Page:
Here are the legendary Lambos whose achievements you've probably never heard of.
Automobili Lamborghini is a brand that likes to show off - just look at the new Countach if you don't believe us. Besides the outrageous bodywork of almost any modern Lambo, the company likes to brag in other ways too. Recently, the Italian automaker has told us all about the Aventador's greatest innovations and has also listed the ways in which it is helping save the planet. Other pieces have focused on things like the one-make Super Trofeo series, and now the latest bit from Sant'Agata explains five of the automaker's records that you may not have heard of before.
The first record pertains to the Marzal, which featured an interior entirely upholstered in silver-colored leather and extreme use of the hexagon shape in as many details as possible, including the dashboard, the rear window, and in the console cutout. That's all very cool and typical of what designers of the time imagined a futuristic car to look like, but the record comes from a more ridiculous feature of the car, namely a glass surface covering 4.5 square meters (48.4 square feet), extending from the gullwing doors to the roof. That makes the Marcello Gandini-designed Marzal "a fully operational show car with the largest glass surface in history."
Okay, that's not quite accurate, but in relative terms for Lamborghini, it was. See, the Miura was designed by the youngest team in company history, with an average age of just 29. This was Ferruccio Lamborghini's decision, as he wanted to use "brilliant and capable young people" so that he could better challenge the competition, specifically Ferrari. Thus, he hired and collaborated with talented individuals from universities and the professional space.
In 1966, the team that brought the Miura to life was made up of designer Marcello Gandini and test driver Bob Wallace (both aged just 28), and the 30-year-old pair of chief engineer Gian Paolo Dallara and assistant engineer Paolo Stanzani. Not only was the Miura a spectacular success, but all of these men went on to become "masters in their respective fields in the automotive world", as Lamborghini succinctly puts it (and we agree with). Ferruccio clearly knew what he was doing with the young upstarts.
That new Countach we mentioned at the outset? It's just 44.8 inches tall and surprisingly pretty for having to bow to modern safety laws. In the '60s, a time in which arguably the most beautiful cars ever sculpted captured the imagination of all who saw them, "low height and sinuous, aerodynamic forms were the most important aspects in the minds of designers developing a sports car." As a result, the Miura was just 105.5 centimeters in height. That's just 41.5 inches, so if you have to bend yourself in half to access the new Countach, you'd have to crawl to get into the Miura, the record-holder for the lowest mass-produced car ever.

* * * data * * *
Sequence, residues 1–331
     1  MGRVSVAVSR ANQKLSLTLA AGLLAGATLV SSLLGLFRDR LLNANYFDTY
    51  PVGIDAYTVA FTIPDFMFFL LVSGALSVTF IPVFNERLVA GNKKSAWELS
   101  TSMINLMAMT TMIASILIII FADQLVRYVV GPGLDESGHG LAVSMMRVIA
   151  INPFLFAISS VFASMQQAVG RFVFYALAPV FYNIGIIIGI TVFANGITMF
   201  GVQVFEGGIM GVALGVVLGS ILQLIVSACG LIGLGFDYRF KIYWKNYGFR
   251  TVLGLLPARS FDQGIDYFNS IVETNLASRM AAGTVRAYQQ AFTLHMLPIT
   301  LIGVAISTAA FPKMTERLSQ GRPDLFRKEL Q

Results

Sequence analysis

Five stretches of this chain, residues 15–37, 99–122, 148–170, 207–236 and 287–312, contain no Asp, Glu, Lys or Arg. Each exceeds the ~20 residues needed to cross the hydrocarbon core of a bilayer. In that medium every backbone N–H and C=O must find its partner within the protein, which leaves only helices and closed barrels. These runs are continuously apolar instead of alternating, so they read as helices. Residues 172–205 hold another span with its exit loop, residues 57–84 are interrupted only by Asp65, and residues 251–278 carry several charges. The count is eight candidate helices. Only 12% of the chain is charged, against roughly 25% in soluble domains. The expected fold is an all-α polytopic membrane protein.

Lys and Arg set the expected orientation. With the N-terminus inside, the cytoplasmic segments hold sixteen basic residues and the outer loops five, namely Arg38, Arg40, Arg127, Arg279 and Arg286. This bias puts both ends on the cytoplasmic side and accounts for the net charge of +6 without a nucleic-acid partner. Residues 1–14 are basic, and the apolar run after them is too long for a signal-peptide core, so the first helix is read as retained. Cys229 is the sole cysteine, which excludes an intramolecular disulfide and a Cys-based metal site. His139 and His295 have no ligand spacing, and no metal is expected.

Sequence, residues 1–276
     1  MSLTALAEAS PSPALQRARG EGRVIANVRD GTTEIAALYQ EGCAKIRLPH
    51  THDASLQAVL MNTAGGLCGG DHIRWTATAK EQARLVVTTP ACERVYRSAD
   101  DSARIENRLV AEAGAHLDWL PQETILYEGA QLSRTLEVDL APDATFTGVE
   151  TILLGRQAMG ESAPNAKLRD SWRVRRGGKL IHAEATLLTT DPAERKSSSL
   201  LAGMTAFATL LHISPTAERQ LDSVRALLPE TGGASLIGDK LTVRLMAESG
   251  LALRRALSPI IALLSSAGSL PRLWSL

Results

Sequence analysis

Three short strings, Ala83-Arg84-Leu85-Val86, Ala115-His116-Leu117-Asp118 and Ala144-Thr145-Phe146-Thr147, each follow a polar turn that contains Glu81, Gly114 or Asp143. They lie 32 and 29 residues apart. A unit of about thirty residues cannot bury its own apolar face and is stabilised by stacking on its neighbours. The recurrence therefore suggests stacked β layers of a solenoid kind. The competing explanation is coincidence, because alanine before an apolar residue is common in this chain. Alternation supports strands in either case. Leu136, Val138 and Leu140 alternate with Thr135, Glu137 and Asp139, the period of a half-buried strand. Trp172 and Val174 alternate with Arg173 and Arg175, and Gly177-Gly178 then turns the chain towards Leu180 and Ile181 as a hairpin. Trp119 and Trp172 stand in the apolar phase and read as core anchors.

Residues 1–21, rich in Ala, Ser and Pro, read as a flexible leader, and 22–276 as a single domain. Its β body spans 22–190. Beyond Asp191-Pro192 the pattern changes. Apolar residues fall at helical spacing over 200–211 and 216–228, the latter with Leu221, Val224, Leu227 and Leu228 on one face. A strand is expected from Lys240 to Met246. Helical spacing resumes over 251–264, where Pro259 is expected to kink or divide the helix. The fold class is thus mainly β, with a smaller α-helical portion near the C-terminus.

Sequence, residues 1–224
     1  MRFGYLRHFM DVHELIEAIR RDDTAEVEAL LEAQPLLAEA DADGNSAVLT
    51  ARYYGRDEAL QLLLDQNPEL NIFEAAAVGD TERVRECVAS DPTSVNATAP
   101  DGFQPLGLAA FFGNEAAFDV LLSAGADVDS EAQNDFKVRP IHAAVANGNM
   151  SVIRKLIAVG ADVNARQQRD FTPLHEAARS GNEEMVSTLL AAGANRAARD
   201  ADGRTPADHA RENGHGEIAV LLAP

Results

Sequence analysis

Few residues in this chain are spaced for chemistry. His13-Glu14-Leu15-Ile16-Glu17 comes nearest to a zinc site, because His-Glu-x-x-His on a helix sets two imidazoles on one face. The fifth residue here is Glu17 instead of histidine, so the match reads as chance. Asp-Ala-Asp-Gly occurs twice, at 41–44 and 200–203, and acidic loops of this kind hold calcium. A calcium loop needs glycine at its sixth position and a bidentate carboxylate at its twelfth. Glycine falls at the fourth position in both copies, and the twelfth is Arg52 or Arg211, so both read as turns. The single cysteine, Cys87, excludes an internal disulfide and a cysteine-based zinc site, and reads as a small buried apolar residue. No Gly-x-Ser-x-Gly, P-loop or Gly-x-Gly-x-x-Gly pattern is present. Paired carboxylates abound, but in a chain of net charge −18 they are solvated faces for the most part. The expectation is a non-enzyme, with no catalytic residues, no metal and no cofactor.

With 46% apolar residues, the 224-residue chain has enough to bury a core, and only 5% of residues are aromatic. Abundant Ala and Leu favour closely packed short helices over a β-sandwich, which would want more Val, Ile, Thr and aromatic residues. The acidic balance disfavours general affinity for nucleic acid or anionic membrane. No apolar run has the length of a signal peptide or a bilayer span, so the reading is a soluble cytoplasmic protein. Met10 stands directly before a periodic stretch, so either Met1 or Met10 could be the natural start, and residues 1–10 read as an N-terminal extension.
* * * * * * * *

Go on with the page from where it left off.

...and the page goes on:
Long before the Urus came on the scene, Lamborghini was trying to get a military contract to help pay for more supercars. However, the short story is that the vehicle proposed for the military ended up being marketed as a regular car, seeing many changes along the way. In any case, the truck that was meant for the army became the LM002, which was first unveiled at the Brussels Motor Show in 1986. With a 5.2-liter engine producing 450 horsepower and "excellent off-roading capabilities", thanks to a two-speed transfer case with a center-locking diff, AWD, and a light body made of aluminum and fiberglass, the LM002 could scale slopes of up to 50 degrees.
While the Humvee has Schwarzenegger, the first super SUV's famous owners included Arnold's greatest foe in Sylvester Stallone, as well as the likes of Mike Tyson, Tina Turner, and, er, Pablo Escobar.
It's damn near impossible to talk about a Lamborghini without mentioning the Countach, and you certainly can't talk about a Countach without taking a moment to appreciate those spectacular scissor doors. The Countach was another Marcello Gandini design, and the man just knew what he was doing. Fully aware that seeing out of the Countach would be tricky, the scissor doors were fitted to intentionally aid a driver in backing up and parking, although the dramatic effect of opening them was surely a big cause for excitement. These doors still turn heads today, so imagine what they must have looked like back in 1971.
The Countach was the first production car with these doors, and the feature carried over to its successor in the Diablo, and then the Murcielago, Reventon, Veneno, Centenario, and Aventador.
So there you have it: five Lamborghini records and world-firsts you may not have known about. We can't wait to see how the most outrageous brand in history continues to wow us, especially when the Countach turns 100, half a century from now.